Fulfilling activities for people with dementia at home
Seniors with dementia, like all of us, enjoy the feeling of a job well done. Failure-free activities provide daily accomplishments and increase feelings of self-worth. Choose an activity based on the person’s level of cognitive decline — ideally something that will make them feel productive.
Fold laundry Laundry is a familiar activity for most seniors, especially women. Soft fabrics and a repeated motion can be calming. Plus, classic detergent smells may elicit comforting memories. Start with easy items like hand towels and T-shirts. Avoid items like fitted sheets and buttoned shirts that could be challenging.
Simulate handy tasks If your aging relative always loved to tinker, suggest a project with visible results. Painting wooden boards and fitting together PVC pipes are good activities for seniors with high motor function. Wooden or plastic play tools provide a similar experience for people with more advanced dementia.
Untie knots Tie loose knots along a thick rope. The elderly person may enjoy untying them, though avoid making the knots too tight or using a rough rope.
Do a puzzle Pick a puzzle with large, tactile pieces. Wooden color or shape puzzles help with matching and are fail-safe.
Sensory activities for people with dementia
Stop and smell the roses (or coffee, fresh cut grass, or warm bread) Studies suggest smells trigger more vivid emotional memories than images, according to Harvard scientists. This is because scents are processed by the hippocampus and the amygdala, the same parts of our brains that control memories. A familiar smell — like flowers from a childhood garden or freshly baked Christmas cookies — can elicit positive memories and emotions. Conversely, it’s important to avoid smells that cause anxiety. Diesel fuel and gunpowder are common PTSD triggers for older veterans.
Explore familiar objects Tactile exploration can bring up memories that may not be accessible through pictures or verbal prompting. Even if your loved one doesn’t remember their first car or their wedding, the feeling of weighty keys or hand-embroidered pearls could encourage reminiscence.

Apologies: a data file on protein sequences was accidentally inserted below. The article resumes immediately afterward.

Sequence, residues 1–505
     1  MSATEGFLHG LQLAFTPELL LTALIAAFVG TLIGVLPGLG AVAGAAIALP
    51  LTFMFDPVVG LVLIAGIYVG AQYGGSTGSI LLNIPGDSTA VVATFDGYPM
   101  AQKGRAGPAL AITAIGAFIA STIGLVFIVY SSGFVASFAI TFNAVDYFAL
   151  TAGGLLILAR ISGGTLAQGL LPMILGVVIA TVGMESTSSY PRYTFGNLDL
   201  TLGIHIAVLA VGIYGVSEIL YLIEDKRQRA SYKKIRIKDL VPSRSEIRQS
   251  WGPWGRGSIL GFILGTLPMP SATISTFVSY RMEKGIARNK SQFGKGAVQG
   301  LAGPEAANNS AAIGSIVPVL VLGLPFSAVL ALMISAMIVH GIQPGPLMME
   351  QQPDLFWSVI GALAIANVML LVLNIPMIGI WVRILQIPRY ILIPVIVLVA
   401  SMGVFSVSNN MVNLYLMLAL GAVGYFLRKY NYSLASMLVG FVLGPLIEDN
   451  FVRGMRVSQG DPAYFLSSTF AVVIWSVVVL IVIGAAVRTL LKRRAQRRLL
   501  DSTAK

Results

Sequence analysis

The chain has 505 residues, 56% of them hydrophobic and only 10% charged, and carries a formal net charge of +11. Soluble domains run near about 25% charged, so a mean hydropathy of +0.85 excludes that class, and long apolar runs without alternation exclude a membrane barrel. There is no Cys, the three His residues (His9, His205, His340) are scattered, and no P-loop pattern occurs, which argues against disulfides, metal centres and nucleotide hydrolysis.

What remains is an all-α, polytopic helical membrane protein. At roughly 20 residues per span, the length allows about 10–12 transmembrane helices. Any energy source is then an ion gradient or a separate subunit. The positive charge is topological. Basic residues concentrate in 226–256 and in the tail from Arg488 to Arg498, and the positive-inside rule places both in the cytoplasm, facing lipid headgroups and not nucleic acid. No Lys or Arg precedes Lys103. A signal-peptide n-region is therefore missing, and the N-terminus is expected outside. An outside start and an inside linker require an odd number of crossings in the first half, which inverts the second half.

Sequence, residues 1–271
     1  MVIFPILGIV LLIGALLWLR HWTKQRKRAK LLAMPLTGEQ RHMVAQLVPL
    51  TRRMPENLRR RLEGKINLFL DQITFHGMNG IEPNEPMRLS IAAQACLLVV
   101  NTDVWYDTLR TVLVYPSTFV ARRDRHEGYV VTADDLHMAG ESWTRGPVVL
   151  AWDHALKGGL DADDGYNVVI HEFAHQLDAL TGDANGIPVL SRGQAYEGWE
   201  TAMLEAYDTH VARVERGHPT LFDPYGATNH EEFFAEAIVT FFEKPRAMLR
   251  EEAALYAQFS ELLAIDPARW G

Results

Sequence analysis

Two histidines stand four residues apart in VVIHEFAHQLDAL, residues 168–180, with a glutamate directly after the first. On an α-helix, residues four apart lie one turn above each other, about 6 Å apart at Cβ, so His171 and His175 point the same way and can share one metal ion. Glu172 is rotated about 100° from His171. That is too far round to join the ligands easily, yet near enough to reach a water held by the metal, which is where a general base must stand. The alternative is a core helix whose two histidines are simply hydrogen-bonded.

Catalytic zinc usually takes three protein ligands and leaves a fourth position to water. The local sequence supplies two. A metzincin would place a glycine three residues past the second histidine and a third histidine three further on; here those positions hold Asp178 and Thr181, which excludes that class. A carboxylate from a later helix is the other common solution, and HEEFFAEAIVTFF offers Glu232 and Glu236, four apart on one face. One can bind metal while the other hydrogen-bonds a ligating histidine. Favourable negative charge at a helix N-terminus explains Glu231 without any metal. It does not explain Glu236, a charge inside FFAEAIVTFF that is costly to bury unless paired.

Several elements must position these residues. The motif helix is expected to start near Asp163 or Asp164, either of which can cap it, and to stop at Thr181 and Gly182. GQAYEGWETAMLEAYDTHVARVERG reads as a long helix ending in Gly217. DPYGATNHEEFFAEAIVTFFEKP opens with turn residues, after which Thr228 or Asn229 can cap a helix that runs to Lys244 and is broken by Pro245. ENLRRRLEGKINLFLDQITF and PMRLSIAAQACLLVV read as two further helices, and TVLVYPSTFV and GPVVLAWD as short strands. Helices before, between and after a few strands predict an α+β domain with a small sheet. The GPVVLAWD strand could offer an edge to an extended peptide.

Have a taste of history Like smells, tastes can elicit emotions and memories. Your mom’s famous chocolate cake could bring back birthdays; a sip of instant coffee could recall quiet, early mornings at home.
Feel diverse textures Unique textures provide sensory stimulation, as well as memory cues. If your aging family member is a pet lover, consider the soft fur of an animal. If they liked to garden, suggest touching damp soil or leaves. Textures can also be used for fulfilling activities — try making a bag of fabrics or blocks to be be sorted by touch.
Technology-based dementia activities for seniors
Technology use has wide-reaching health and safety benefits for seniors. Immersive tech can also provide mind-stimulating activities for people with dementia at home.
Explore the world with live cams Zoos, nature preserves, and aquariums around the world offer Internet livestreams for animal lovers. Many art museums, like the Louvre in Paris, offer continuous live tours of their galleries. Since it constantly changes, live camera footage can provide visual stimulation to otherwise house-bound seniors with dementia.
Travel the world with Google Earth Google Earth allows users to upload photos from across the globe. If there’s a place your relative loves — whether it’s their childhood hometown or the Sahara Desert — you can load the location into Google Earth and let them explore.
Create a family video tabletfor dementia patients at home Technology can help families stay connected through video calls and chats. But when relatives aren’t available to talk, their presence can still be comforting. Record videos of family members, favorite pets, and big moments and upload them onto a tablet your loved one can use when they’re feeling restless or having trouble sleeping. If hands-on technology like a tablet isn’t an option, take the videos to an electronics store and have them uploaded to a classic video tape or DVD.
Claire Samuels is a content writer at A Place for Mom. She worked with senior living communities throughout the Midwest before pivoting to writing. She’s passionate about sharing ways of living well at any age.